I hadn’t seen the “new way to do subtraction” until recently, but I was always a math kid, so I read this quick little article on it. The idea of counting up to get to an answer for a subtraction problem seems counterintuitive, but as Mr. Hermant Mehta suggests if it teaches math in a way that makes more complex math easier to learn, why not? Especially in an age of standardized testing and real-world “word problems”, I’ll go back to my old adage: “As long as you learn the material, does it really matter how you got there?”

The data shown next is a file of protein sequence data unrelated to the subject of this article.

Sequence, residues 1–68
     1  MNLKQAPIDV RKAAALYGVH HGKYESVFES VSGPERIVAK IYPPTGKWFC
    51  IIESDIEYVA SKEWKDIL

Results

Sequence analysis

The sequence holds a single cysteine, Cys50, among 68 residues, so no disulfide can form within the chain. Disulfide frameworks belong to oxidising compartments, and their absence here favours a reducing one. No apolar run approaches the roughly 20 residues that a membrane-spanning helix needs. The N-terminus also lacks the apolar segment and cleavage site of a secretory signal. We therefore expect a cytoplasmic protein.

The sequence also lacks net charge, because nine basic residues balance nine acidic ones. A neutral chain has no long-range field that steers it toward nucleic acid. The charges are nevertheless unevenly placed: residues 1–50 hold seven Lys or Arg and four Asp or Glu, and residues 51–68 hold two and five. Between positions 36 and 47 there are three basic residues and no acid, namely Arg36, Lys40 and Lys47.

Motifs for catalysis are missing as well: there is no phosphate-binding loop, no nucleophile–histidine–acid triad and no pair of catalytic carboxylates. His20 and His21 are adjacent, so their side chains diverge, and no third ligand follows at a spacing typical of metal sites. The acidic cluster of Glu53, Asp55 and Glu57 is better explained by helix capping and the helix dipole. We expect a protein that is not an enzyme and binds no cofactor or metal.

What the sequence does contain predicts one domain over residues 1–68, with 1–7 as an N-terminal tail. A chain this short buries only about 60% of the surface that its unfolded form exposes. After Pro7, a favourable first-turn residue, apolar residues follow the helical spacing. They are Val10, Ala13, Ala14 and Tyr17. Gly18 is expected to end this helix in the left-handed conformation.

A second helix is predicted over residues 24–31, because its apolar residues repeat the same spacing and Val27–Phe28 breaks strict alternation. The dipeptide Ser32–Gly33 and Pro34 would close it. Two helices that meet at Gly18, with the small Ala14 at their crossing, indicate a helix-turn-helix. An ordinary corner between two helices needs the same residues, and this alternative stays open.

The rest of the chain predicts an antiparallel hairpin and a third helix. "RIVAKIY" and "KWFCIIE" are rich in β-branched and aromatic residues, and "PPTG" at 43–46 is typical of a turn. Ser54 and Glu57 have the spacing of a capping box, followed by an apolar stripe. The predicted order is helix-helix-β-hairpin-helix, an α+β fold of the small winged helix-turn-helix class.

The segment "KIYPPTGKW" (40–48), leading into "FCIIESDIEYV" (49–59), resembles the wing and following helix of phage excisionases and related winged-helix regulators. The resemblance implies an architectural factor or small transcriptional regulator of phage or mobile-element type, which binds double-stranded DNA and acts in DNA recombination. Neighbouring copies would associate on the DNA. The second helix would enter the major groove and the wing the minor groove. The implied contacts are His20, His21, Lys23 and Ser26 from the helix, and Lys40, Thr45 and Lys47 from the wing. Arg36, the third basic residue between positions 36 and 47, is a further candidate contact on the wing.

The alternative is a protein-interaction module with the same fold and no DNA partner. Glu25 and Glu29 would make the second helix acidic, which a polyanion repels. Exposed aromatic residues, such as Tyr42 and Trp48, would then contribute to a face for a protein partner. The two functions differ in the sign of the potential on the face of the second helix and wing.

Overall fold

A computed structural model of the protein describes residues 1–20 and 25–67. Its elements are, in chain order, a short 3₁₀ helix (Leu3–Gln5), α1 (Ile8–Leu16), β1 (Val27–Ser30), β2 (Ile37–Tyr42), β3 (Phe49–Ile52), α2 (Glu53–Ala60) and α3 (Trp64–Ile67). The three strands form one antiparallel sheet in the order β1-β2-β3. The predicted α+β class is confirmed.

Posted: March 11, 2014

In 2022, I am participating in two leadership training programs. This should be a social experience, so I am writing about it. Check out the full list of posts in the series here.

- Engaging Simplicity in a Complicated Context
- The Need to Simplify Tech Workflows
- Minimalism as a Gospel Calling
- A Minimalist in the Tech Industry
- Digital Hoarding (or the Fight for Digital Minimalism)
- The Challenges of Timeless Writing